Monday, April 6, 2009
“If you found a sandwich sitting on a sidewalk, would you pick it up and eat it?”
This is one of my favorite questions to ask people when the subject of local food production comes up. The answer is almost invariably “no”—obviously, you have no idea what that sandwich has been through.
Curious, then, that we can say the same thing about most the food available at supermarkets or restaurants.
Unfortunately for all of us, the odds are that the food we eat has likely been modified to include something we can’t pronounce, much less explain, and it may have traveled more miles to get to your plate than you have traveled in the last month. There is a certain sense of accountability as well as a sense of community that is lost when the grower and the consumer are separated by such significant barriers.
But, fact is, almost anyone can take steps towards creating their own food source. Starting a garden in whatever space you have available—backyard, front yard, on your patio in planters—is patriotic, rebellious, political, and most of all, freeing. But it does take some work.
This brief guide covers the basics to help you get your garden started.
First thing’s first. Where is your garden going to be? The name of the game in urban gardening is taking what space we already have, and putting it to better use.
• Find a spot that gets sun. It doesn’t have to be 100% full sun exposure from sunrise to sunset.
• If you do get lucky and find a completely unobstructed space to grow, keep in mind that this scenario has its challenges, too; more watering and monitoring will be necessary, but if you stay on top of things, you’ll reap the benefits of better plant growth.
• Make sure the location you choose is close, and accessible, and it will be easier to keep an eye on.
• Another benefit to keeping our gardens close to the house is that it may help in deterring pests and nuisance animals. It’s amazing how quickly a gardener learns to vilify the rabbits and deer that they used to see as nature’s harmless creatures—just wait until they beat you to eating the food you’re growing!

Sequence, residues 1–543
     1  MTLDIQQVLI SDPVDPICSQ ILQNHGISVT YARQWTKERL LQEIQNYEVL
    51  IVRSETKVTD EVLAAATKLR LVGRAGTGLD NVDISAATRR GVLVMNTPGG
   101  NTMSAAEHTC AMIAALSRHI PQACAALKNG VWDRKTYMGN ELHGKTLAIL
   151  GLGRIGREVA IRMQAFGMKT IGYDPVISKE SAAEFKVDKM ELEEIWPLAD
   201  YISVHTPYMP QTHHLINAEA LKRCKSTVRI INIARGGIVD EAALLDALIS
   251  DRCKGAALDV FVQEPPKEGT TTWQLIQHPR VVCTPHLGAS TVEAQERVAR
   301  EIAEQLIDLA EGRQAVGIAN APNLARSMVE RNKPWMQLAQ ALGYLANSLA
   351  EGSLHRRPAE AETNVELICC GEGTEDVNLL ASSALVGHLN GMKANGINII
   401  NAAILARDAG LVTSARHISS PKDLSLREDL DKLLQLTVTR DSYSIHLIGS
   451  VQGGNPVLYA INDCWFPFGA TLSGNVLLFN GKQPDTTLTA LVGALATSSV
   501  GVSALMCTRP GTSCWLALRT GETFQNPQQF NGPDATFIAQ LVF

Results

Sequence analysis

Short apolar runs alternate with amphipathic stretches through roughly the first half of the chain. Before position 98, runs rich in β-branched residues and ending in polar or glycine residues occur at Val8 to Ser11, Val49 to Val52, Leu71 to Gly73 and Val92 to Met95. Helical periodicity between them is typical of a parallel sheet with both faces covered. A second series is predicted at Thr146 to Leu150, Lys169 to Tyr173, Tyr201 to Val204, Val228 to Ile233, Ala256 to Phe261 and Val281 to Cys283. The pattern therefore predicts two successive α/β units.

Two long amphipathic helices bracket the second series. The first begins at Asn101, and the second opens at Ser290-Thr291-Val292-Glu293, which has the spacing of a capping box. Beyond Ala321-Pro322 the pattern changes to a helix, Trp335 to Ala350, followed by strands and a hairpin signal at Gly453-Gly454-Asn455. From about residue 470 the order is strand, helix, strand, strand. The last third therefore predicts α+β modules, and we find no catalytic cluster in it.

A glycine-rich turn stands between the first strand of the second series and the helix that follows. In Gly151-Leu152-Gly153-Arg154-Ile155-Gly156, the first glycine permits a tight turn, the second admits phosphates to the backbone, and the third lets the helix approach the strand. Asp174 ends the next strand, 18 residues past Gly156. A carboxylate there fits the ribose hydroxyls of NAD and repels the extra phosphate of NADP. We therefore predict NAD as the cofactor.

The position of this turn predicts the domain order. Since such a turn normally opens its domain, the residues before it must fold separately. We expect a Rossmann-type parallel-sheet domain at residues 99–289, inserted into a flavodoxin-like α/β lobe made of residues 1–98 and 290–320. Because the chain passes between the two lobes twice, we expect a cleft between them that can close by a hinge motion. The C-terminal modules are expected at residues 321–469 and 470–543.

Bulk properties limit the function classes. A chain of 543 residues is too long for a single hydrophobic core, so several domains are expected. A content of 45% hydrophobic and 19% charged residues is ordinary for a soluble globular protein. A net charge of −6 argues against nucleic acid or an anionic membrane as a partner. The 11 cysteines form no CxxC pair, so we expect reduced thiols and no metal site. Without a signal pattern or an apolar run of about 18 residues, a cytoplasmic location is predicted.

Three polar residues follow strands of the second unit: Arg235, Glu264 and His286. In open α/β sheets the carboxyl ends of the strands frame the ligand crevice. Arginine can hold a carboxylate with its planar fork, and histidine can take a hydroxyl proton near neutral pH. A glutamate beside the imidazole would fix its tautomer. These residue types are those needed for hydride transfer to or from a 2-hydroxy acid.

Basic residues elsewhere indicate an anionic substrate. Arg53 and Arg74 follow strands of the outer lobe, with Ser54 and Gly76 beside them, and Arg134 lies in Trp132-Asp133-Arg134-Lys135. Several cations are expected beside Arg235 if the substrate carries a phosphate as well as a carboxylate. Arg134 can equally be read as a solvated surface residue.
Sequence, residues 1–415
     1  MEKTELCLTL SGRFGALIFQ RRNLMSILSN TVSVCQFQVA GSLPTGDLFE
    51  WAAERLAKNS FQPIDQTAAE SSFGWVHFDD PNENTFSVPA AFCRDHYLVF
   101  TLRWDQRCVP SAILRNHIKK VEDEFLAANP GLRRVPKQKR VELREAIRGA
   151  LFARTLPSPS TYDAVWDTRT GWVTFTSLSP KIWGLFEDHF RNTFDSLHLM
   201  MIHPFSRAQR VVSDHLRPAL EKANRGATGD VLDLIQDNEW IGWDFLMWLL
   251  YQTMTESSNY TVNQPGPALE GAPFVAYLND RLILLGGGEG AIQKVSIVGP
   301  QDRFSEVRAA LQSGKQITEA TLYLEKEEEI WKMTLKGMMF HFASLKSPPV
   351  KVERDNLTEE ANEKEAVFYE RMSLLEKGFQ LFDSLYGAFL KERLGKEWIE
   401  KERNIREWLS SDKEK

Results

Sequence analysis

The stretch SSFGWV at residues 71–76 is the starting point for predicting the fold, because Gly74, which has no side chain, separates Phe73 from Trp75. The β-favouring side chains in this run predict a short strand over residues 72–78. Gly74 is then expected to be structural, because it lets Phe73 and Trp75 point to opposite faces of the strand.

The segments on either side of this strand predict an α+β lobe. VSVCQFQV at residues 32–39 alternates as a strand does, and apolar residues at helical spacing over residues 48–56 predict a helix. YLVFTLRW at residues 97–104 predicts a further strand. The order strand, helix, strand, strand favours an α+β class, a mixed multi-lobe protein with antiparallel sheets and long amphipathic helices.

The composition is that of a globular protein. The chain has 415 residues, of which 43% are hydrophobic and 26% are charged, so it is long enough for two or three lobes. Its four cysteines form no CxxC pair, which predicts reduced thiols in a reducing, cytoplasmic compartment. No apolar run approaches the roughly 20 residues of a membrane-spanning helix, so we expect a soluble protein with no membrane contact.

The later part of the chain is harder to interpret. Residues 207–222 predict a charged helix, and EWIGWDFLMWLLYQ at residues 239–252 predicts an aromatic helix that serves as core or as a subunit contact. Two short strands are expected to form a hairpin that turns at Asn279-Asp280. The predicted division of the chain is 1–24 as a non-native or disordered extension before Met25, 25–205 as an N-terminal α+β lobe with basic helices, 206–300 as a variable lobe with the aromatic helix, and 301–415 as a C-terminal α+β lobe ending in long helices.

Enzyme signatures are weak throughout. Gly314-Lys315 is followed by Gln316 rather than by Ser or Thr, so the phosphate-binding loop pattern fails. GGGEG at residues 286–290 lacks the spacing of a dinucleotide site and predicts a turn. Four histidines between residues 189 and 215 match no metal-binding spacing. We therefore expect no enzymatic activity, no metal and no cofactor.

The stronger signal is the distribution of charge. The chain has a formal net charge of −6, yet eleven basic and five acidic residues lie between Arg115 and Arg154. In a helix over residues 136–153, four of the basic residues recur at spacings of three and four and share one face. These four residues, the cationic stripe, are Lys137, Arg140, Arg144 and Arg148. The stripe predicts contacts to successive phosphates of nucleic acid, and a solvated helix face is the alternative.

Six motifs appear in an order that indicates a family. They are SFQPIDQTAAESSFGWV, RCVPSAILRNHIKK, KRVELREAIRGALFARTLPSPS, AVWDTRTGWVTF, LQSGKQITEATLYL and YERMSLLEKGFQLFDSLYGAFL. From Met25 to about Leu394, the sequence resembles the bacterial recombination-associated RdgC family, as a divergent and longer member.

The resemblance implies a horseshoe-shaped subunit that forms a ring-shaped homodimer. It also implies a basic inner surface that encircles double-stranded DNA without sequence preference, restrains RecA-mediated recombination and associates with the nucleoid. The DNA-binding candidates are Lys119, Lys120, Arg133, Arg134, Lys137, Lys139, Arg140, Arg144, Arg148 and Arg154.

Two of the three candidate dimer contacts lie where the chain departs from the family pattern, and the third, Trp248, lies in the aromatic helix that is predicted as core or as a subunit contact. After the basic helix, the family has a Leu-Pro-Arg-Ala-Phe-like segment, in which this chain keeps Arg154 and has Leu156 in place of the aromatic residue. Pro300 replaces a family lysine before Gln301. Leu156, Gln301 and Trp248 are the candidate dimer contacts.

A really easy option wherever you locate your garden is a “raised bed” garden. You basically take some 12” wide boards, build a four-sided box and fill it with soil. Raised beds are great for maintaining good drainage, increased soil temperature, and less soil compaction as there’s no reason to walk in your raised bed. Raised beds can take almost any shape; however, you should limit the width to three or four feet so you’ll be able to reach across them.
A gardener’s greatest asset is their soil. Soil, not dirt, is a fantastically complex and (ideally) living entity.
Many parts of Lawrence have a great start on healthy soil already, but some is definitely better than others. Ideally, we aim for loamy soils. Loamy soils have a nice balance of sand and clay as well as decomposed organic matter. A good balance helps retain water yet also provide air in the soil. The organic matter essentially helps feed your plants—more on that later.
Any type of soil can be enhanced enough to grow with, by making the proper amendments. Since everyone’s soil is a little bit different, the Douglas County Extension (2110 Harper) provides free soil tests and will tell you exactly what soil amendments you need to optimize your soil.
When we consider the soil as a component of our garden system, it may be helpful to think of it as a bank account: if we’re going to feed the growth of our plants with the contents of the soil, we have to remember to put back at least as much as we take out for things to stay balanced, and for our soil to stay healthy.
Compost is essentially decayed organic matter. Again, this is one of these subjects that can become incredibly complex, but essentially anything that was ever plant-based can be composted. At our house, our scraps go in the orange bowl on the counter. When the bowl fills up, we go and dump it in our compost bin.
Easy compostables include:
• ash from your fireplace or fire pit (in moderation)
• coffee grounds, (we compost our filters too)
• shredded newspapers
• leftovers like oatmeal and vegetable soups
Two things to remember with compost: brown and green. Brown represents carbon, and green represents nitrogen. In your pile, you will need roughly 25 parts carbon (lets just say dead leaves) to one part nitrogen (i.e. grass clippings) and you should be off to the races.